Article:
4 Steps for Learning that Lasts

When you’re designing any kind of learning event – a workshop, seminar, class, meeting – one of the most important components of your design is your learning tasks, those elements of the event in which the learners do something with the content they've set out to learn. For learning that lasts, use the 4-A Model, a foolproof tool.

(What follows is excerpted from Dialogue Education Step by Step:  A Guide for Designing Exceptional Learning Events, by Darlene M. Goetzman.)

The 4-A Model - ANCHOR  |  ADD  |  APPLY  |  AWAY

  • ANCHOR the content within the learner’s experience;
  • ADD new information;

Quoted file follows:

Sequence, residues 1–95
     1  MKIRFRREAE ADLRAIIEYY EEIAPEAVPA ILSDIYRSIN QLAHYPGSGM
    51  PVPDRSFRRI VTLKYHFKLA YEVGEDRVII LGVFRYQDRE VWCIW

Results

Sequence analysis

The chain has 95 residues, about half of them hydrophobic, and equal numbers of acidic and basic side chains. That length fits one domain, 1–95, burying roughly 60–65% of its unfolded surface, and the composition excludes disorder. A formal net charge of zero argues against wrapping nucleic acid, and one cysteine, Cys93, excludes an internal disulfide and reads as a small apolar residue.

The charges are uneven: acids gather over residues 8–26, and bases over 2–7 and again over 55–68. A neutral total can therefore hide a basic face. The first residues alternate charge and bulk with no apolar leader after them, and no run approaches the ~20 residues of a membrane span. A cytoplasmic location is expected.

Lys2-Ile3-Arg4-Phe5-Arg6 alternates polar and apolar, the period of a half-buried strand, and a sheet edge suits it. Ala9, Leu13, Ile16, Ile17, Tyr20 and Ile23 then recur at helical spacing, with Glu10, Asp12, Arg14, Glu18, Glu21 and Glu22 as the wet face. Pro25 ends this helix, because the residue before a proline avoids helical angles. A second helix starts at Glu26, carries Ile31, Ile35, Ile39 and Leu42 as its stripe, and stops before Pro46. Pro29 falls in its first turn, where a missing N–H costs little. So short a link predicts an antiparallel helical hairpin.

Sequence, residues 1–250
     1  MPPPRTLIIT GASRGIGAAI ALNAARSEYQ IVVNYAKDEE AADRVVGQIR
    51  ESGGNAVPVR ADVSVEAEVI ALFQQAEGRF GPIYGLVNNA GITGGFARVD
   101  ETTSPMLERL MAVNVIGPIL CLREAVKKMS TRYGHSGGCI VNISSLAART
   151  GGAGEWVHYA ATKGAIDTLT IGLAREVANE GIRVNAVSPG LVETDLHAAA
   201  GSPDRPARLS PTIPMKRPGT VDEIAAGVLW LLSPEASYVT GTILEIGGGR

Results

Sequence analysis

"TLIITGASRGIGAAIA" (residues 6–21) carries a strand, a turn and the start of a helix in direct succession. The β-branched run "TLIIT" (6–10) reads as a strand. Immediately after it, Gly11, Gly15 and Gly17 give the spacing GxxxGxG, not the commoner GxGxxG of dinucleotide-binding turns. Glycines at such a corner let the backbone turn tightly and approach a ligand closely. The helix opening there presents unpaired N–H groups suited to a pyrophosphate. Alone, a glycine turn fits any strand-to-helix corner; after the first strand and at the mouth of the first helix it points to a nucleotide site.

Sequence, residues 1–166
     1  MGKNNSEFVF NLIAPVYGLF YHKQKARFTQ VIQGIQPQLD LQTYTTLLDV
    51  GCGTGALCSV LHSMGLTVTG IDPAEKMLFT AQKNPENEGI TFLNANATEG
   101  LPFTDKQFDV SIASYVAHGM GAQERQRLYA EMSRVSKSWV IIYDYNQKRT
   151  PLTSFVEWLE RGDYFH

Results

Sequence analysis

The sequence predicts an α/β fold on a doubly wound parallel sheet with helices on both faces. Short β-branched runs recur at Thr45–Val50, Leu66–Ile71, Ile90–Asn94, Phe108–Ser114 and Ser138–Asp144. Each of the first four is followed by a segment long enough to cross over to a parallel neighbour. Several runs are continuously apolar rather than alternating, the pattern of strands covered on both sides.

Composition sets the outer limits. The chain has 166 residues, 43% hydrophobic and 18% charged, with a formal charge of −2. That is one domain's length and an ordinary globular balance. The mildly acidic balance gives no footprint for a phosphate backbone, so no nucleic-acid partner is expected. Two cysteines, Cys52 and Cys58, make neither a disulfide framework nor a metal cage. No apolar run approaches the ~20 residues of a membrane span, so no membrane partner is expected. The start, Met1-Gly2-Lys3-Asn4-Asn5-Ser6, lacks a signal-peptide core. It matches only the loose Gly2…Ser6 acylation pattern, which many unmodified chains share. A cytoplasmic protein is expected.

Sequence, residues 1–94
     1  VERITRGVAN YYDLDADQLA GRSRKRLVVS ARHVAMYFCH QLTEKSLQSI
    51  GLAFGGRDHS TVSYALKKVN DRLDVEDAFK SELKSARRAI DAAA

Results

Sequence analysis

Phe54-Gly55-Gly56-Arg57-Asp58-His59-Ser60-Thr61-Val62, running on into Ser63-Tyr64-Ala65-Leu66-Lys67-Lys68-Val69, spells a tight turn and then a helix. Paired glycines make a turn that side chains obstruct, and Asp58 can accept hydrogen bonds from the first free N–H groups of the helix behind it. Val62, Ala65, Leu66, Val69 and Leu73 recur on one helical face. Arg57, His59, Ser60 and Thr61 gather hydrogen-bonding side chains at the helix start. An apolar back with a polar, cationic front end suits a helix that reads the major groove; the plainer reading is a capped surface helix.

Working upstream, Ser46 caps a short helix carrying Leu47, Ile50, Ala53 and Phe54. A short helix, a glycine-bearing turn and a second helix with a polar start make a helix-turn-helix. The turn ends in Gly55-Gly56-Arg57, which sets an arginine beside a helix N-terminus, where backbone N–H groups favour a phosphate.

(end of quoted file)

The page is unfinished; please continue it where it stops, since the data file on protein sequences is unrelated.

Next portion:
• Invite the learner to APPLY the content in a new way or situation;
  • Ask the learner to decide how or what he or she will take AWAY and use this learning in the future.

To design your learning tasks, it’s helpful to use the model in the order laid out above. It’s also helpful to view the 4As as though each ‘A’ is one of four components in a single learning task; these four parts – ANCHOR, ADD, APPLY and AWAY – complete a single learning cycle.

PART 1 -  ANCHOR

The ANCHOR part of the 4-A Model connects the topic you’re teaching to the learner’s experience. This component of a learning task ensures relevancy for your particular group of individuals and begins to indicate to them why this information is important to them right now. Through a well-crafted anchor question learners will be telling you and others in what way the content is relevant or connected to their experience.

The newest research on how the brain creates and stores information (creating memories) indicates that relevance, especially an affective (emotional) connection, enhances the likelihood of knowledge retention and of learners being more open to new learning.